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2012 Winter Newsletter - Checklist for Attorneys

Preparing an Expert Witness for Deposition

by Lawrence J. West
Johnson, Trent, West & Taylor, LLP


Have you ever presented an expert witness for deposition and his/her performance was less than ideal?  If the answer to this question is “yes”, then perhaps a checklist of items would be helpful in preparing your expert. As the old saying goes: “There are no poor witnesses, only poorly prepared ones.”  To assist you during your depo prep session, below is a checklist of items to cover with your expert witness.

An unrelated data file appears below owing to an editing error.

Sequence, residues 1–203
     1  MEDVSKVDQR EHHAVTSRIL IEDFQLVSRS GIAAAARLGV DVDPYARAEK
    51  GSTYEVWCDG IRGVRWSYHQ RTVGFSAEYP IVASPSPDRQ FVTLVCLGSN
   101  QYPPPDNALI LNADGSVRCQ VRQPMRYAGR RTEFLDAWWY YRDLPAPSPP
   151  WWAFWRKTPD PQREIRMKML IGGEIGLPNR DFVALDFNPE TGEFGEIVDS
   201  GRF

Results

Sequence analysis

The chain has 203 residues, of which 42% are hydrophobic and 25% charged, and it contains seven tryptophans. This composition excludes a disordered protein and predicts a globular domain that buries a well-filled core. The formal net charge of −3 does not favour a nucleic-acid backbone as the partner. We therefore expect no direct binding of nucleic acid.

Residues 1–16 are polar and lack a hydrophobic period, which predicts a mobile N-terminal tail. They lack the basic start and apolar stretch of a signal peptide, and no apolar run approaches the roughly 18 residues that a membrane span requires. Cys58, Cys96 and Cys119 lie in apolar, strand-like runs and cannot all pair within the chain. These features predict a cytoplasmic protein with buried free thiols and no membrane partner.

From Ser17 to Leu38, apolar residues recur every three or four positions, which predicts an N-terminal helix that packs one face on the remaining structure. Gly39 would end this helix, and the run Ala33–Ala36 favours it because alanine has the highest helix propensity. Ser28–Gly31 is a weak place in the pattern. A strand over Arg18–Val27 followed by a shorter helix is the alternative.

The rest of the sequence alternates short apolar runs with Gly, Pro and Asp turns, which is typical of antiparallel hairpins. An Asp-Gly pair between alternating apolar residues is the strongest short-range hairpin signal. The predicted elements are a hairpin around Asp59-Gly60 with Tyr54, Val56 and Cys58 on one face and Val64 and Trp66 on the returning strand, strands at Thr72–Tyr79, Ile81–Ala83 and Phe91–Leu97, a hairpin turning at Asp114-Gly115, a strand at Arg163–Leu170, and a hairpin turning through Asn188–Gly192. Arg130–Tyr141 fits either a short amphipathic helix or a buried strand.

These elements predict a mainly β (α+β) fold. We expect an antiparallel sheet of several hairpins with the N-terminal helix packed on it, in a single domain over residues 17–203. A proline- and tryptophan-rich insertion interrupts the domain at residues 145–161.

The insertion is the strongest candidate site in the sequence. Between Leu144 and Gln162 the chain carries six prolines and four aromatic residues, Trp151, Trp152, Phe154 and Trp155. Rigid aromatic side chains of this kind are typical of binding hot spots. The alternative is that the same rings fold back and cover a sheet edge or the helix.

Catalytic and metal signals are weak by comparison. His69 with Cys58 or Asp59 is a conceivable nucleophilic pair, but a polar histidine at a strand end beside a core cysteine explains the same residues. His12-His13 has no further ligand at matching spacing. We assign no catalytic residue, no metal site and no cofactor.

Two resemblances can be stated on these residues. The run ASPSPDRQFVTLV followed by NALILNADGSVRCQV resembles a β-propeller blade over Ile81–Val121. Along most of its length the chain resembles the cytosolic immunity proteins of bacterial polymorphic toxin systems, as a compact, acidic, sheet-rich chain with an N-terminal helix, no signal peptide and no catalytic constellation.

1. Update Your Resume Prior to the Depo

  • Make sure your resume is accurate in all respects particularly educational history, degrees obtained and dates of employment.


2. Organize File and Know Your Report

  • Know your file so you can use it as reference material, like an open book exam.
  • Your report is the most important part of your file (read it).
  • Does your report memorialize all of your significant opinions or do you expect to prepare an additional report?
  • Opposing counsel will want to look at all documents reviewed by the expert.


3. Know Previous Testimony

  • If you have given testimony in a similar case, re-familiarize yourself with it.
  • If there are any contradictory positions, be prepared to distinguish them.


4. During the Depo Prep Session Leave Time for a Mock Cross Examination

  • Start with the introductory questions:
  • Previous work history, including previous jobs